Structure and technique

The song is in C major, Con moto e narrante. The lyrics are Lord Byron’s passage from his unfinished poem ‘Aristomenes’ written in Cephalonia island in September 1823, shortly after his arriving to Greece to help the Greek people in the liberation:

The Gods of old are silent on the shore.
Since the great Pan expired, and through the roar
Of the Ionian waters broke a dread
Voice which proclaimed “the Mighty Pan is dead.”
How much died with him! false or true—the dream
Was beautiful which peopled every stream
With more than finny tenants, and adorned
The woods and waters with coy nymphs that scorned
Pursuing Deities, or in the embrace
Of gods brought forth the high heroic race
Whose names are on the hills and o’er the seas.

The musical form is free and reflects the text. Natural modes have been chosen as the appropriate for the solemn, epic character of the piece. The phrases are evenly distributed between female and male voices to provide the easiness of singing of choral texture, and that makes the work suitable for amateur singers (while the piano and the flute parts should be considered of intermediate level of difficulty).

Performance notes

The performance is expected to move in moderate tempo and strict, stable rhythm. The flute part is optional and can be omitted.

Date of composing March 2017

Genre choral song for mixed 2-parts chorus, piano and flute

Language English

Style Neo-Romantic

Duration [2’20”]

Level of difficulty beginner or amateur chorus

Copyrights music: © 2017 Natalia Pispini; George Gordon Byron’s poem ‘Aristomenes’ from public domain (https://en.wikisource.org)

Look at the score sample

Listen to the MIDI-rendering on YouTube

Purchase the escore on Etsy 

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This work had its first performance on June 24, 2017, in Orestiada, Greece. read more…

 

…eventide will come…

Eventide will come

Sunny day on a beach in the Gulf… So noisy, busy and shiny all day long, and suddenly getting quiet by the evening… And before the evening there was an hour or so when you could sense this turning to the slow mood. I was fascinated by those slight changes… Playing this music, I thought of the moment when our thoughts are calming down and we feel that happiness  of the being itself, no matter what is around. For that expression I chose simple major scale and slow change of bases of harmonies (pedal points).

Title …eventide will come…

Genre improvisation (live playing on MIDI-keyboard)

Tasks piano; major scale, pedal points; expression of calming down and happiness

Duration [2’40]

Date of creating May 8, 2017

Copyright © 2017 Natalia Pispini; CC BY-NC license (for non-commercial use)

(Raw score is available on demand. You can order similar style music from Natalia)

Watch on YouTube

Two Salon Pieces, for string quartet

Two Salon Pieces

  1. Expectation. A major. Tempo di Valse
  2. Determination. A minor. Tempo di Mazurka

 Genre pieces for string quartet (2 violins, viola, cello) in character of waltz and mazurka dances

Date of composing October 2014; March 2016 – revised

Style Neo-Romantic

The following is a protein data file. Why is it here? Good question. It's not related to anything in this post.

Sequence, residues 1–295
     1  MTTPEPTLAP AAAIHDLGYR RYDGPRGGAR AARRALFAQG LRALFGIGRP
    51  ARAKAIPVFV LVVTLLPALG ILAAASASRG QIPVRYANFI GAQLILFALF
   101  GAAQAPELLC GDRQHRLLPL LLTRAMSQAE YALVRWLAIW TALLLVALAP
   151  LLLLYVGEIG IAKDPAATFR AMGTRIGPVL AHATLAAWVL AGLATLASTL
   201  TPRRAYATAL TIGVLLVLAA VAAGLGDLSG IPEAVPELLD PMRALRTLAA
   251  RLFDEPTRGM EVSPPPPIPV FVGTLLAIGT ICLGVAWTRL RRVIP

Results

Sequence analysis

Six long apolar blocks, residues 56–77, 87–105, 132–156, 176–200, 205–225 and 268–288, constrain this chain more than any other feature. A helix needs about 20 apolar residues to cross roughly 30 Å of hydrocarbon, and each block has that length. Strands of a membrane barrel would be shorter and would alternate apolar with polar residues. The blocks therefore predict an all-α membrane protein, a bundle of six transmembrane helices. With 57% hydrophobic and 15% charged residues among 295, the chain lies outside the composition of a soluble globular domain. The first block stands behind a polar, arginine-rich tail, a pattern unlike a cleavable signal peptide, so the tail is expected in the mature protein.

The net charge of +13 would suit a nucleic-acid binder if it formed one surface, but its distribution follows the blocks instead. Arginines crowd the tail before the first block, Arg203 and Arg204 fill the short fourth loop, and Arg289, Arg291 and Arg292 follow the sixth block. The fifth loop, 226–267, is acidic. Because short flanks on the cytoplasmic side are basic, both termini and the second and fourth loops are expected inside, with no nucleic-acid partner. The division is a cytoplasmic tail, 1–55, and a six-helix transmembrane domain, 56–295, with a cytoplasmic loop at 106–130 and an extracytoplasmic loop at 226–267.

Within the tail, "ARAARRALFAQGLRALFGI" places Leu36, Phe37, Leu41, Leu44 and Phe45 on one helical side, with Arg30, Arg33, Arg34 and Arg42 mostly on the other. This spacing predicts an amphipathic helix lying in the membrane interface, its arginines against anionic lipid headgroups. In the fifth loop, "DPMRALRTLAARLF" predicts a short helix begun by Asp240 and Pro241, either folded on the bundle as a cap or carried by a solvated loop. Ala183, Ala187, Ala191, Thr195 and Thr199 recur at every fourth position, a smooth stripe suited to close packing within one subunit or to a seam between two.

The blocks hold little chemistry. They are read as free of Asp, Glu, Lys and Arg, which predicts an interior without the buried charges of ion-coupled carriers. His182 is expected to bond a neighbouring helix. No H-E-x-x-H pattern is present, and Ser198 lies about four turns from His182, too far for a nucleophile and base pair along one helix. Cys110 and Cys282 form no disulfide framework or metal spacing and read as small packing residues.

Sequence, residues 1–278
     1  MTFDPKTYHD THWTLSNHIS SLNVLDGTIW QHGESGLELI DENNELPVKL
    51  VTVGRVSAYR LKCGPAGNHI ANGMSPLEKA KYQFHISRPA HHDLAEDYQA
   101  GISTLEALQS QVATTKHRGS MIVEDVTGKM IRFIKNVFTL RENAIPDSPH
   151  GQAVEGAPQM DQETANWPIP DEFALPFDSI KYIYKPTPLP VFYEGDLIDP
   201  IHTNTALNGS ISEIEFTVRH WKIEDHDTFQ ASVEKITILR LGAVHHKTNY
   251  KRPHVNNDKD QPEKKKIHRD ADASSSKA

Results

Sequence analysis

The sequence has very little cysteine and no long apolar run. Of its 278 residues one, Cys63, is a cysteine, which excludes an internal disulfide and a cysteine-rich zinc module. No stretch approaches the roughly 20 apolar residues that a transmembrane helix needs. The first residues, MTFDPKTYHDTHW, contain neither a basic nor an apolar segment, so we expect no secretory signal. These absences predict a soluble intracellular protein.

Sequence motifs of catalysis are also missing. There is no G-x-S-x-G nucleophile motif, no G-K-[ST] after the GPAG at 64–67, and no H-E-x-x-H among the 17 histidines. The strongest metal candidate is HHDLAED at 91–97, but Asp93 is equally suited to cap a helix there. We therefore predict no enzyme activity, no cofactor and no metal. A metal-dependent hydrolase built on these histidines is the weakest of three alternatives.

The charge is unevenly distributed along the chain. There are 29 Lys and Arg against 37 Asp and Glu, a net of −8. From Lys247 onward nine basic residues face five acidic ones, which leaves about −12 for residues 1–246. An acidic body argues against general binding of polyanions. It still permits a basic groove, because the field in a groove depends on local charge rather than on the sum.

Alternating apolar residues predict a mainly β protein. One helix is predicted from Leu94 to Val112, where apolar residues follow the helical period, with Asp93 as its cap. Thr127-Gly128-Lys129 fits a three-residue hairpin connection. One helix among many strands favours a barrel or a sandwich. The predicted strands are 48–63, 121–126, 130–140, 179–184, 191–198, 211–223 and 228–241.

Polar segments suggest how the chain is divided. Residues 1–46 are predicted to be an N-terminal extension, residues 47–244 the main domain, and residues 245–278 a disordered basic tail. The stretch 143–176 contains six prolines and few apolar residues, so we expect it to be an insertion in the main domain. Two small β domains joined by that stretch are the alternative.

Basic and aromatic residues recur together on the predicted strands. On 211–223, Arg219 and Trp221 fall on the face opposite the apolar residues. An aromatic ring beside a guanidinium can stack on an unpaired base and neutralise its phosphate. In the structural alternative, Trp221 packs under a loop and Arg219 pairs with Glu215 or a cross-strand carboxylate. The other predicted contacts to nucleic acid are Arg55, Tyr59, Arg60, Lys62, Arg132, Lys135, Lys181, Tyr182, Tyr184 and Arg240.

Duration [2’00”], [1’57”]

Level of difficulty beginner to intermediate; intermediate to advanced

Copyright © 2014-2016 Natalia Pispini

Description

Here is my first attempt to compose miniatures for string quartet, with classical approach to musical form and texture, and touches of Neo-Romantic emotionalism on the level of harmony and tonalities. Both pieces display an airy and capricious character; both are connected with the dance meters / rhythmic patterns. Maybe, these things have eventually brought me to the title ‘Salon Pieces’. Both are composed in a simple ternary musical form ABA1. The texture is basically homophonic (melody or ‘thickened’ melody vs. harmonic support) and enriched by flashes of ‘spicy’ chromatic notes. The bowing technique is specified if necessary.

To learn the details please click on the links below

Expectation

Determination

Determination, for string quartet

 

From ‘Two Salon Pieces, for string quartet’

Date of composing March 2016

Genre a piece for string quartet (2 violins, viola, cello) in character of mazurka

Style Neo-Romantic

Duration [1’57”]

Level of difficulty advanced

Copyright © 2016 Natalia Pispini

Description

In A minor, Tempo di Mazurka. Lyrical and dramatic mood is prevailing here, with mazurka meter of ¾ and the rhythmic patterns typical for this dance. The ternary form ABA1 has shortened B section. The almost relentless tempo, the predominance of minor tonalities and the ‘insisting’ repeated figure at the cello part – all these features serve the named character of ‘determination’. But the chromatic details reveal anxious and unstable qualities in the whole.

Performance notes

The performance of this piece requires basic level of virtuosity. Besides dramatic development within the piece, it is expected to be played in relatively light and elegant sound. Holding strictly the tempo and following precisely the rhythmic patterns are essential for the musical image.

Look at the score sample

Listen to the midi rendering

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Expectation, for string quartet

 

 

 

From ‘Two Salon Pieces‘, for string quartet

Date of composing October 2014; March 2016 – revised

Genre a piece for string quartet (2 violins, viola, cello) in character of waltz

Style Neo-Romantic

Duration [2’00”]

Level of difficulty beginner to intermediate

Copyright © 2014-2016 Natalia Pispini

Description

In A major, Tempo di Valse. The composition displays pure lyrical character based on waltz meter ¾ and, at the same time, develops in changeable motion which corresponds to the emotion of ‘expectation’. The contrasting middle section (C minor) of the ternary form ABA1 brings for a while more dramatic sounds.

Performance notes

Although the composition holds the dance rhythm, the manner of playing is a piacere, so the musicians are free to alternate slightly the tempo. (The phrases with wider melody supported by arpeggio chords are the most suitable for slowing down.) The important part of expressiveness in this piece is the legato technique applied to the variations in phrasing.

Look at the score sample

Listen to the midi rendering

Purchase the score and parts on Etsy

Purchase the score on Sheetmusicplus